--On Wednesday, 07 September, 2005 01:10 +0200 Frank Ellermann
John C Klensin wrote:
(ii) either put the initialization draft on the standards
track with it or publish it as informational and use the
That's a formal point: The initial registry is too long to
put it in the IANA considerations of the main document, and
it will be soon obsolete. Therefore it had to be a separate
Because the WG wanted a proper last call also for this part
it was published as I-D. Same idea as for e.g. RfC 4021 - a
part of the header field registry defined in RfC 3864.
Apparently RfC 4021 is "standards track", but "informational"
for the initial registry is also possible. I don't get the
need for "downref" in this case, the reference to the initial
registry in the main document _is_ only informational.
That wasn't clear from the text, but I may not have read closely
enough. See below.
Do "informational" RfCs created by a WG get a "last call" ?
I'm not sure what the last paragraph in 2026 4.2.3 means.
Independent of what that paragraph means, it is common for
anything that is presented by the WG to IESG for comment to get
a last call within the WG; I can't imagine a WG chair doing
otherwise. Whether WG informational documents are then Last
Called to the IETF is up to the IESG and relevant ADs. There is
no requirement that it be done, but it generally is done if the
AD concludes that the document is likely to be either
consequential or controversial.
Something's odd with the procedures here, I'd be surprised
if RfC 4021 would be promoted on stadards track, it's only
a (now already obsolete) snapshot of a part of a registry.
Personal opinion: What should be done in cases like this is to
structure the I-D so that it clearly differentiates between:
(i) The specification, rationale, and other contextual
information for the initial registry contents, and
(ii) The actual listing of the registry initialization
and that the specification provide for some way of
distinguishing between initial registry entries and subsequent
ones by examining the registry (this could be as simple as the
specification of a particular date.
Then an instruction to the RFC Editor could be included in the
I-D asking that they not publish the initialization document
until the entries have been made in the IANA registry and then
that the list of entries be dropped and replaced with a pointer
paragraph and reference. That would lead to an RFC that was
clearly informational and fairly short, saving everyone
For draft-ietf-ltru-initial, that would mean retention of
sections 1, 2, and 4-7 into the RFC but the replacement of
section three with, e.g.,
"3. The initial contents of the registry as specified
in this document are those entries in the IANA registry
[IANA-registry] with a field-name of "Added" and a value
of "2005-07-10". Note that [ltru-registry, Section 3.1]
requires that an "Added" field appear in each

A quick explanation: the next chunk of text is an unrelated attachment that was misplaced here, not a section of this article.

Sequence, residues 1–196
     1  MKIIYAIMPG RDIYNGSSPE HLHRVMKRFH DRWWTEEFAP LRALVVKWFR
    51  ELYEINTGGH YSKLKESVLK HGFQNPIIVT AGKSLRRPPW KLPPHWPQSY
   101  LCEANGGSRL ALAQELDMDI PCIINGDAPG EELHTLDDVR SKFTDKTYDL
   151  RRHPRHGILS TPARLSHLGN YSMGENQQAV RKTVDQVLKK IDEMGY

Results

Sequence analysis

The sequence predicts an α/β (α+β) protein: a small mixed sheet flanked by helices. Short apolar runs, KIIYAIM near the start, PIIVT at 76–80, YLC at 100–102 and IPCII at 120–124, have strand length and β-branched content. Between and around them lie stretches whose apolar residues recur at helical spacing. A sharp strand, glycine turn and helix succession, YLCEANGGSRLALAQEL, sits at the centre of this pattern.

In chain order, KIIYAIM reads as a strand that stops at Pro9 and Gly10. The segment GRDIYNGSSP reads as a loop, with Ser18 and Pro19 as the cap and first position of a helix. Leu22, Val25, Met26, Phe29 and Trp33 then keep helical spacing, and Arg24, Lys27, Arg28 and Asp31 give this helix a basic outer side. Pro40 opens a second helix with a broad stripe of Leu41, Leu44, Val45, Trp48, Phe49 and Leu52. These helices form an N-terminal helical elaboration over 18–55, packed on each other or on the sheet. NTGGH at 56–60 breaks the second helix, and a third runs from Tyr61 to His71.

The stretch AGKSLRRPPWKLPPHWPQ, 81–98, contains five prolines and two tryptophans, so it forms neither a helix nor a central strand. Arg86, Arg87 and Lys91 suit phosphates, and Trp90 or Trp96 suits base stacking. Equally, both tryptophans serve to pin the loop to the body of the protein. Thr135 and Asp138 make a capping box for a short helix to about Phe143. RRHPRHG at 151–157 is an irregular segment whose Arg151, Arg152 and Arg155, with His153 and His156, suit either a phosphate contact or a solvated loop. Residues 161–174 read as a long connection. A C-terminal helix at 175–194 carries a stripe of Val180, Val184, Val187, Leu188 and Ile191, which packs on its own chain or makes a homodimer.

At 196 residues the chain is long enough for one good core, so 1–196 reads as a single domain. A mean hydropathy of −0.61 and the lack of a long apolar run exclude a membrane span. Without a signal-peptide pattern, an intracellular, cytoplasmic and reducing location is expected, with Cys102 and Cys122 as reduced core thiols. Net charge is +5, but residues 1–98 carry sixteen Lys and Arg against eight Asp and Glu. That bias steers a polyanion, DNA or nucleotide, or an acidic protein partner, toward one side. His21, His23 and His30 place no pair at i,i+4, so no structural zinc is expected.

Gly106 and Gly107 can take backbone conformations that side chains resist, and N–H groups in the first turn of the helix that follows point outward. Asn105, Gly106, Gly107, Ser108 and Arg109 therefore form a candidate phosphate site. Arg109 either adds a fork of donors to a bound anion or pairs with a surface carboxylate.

registration record and that its Section 3.3(1)
specifies that field must not be changed after
Then you are done. Presto, clearly informational document,
historical information retained in the registry (which is where,
IMO, it belongs), no chance of anyone ignoring the instructions
in the third paragraph of Section 1 that the initialization list
in the RFC is not the registry, and an RFC that runs around ten
pages rather than 118.
I think that would be a win all around. But, again, just my
The documents make reference to the "record-jar" format. I
believe the text in ltru-registry is sufficient to define
the portion of that spec that is relevant
Yes, the defined format is "inspired by" record-jar, it does
not claim to be the real thing. E.g. it doesn't have arbitrary
comment lines, OTOH it defines a way to encode Unicode by the
known &#x????; sequences for u+????.
a dependency on a moderately expensive book that could go out
of print as part of the definition for an IANA registry
No, it's also only informational for those interested in "the
real thing" instead of what's used for the registry and future
I would recommend that, as an editorial matter, use of phrases
like "inspired by" or "derived from" would clear up a lot of
confusion before it starts, making it clear that the book is not
needed. For example, the beginning of the second paragraph of
3.1 might read
'The registry will be in a text file format that is
fully specified below. This format was inspired by the
"record-jar" format [record-jar].'
But, again, this is purely an editorial matter as far as I'm
incidentally, the reference given is incomplete.
Yes, the draft author knows already how to add the proper ISBN
with xml2rfc, "easily fixed" as you said. Not referencing the
original idea at all would be wrong. But the reference in the
initial registry draft is in fact unnecessary. Think of it as
some kind of "informational credits" in the main document.
We also considered a pure 2822-like format with CRLF CRLF as a
record separator, but the WG preferred CRLF "%%" CRLF, that's
all - no copyright traps and no necessity to buy the book (e.g.
I don't have it).
Not a decision on which I'd ever be inclined to second-guess a
considered WG decision.
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